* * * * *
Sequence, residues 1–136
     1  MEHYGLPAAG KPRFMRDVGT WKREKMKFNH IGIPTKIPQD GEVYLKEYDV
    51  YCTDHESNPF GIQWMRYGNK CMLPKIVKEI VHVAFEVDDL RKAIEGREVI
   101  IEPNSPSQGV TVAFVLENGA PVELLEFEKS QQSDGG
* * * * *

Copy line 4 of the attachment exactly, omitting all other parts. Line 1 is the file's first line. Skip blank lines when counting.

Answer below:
   101  IEPNSPSQGV TVAFVLENGA PVELLEFEKS QQSDGG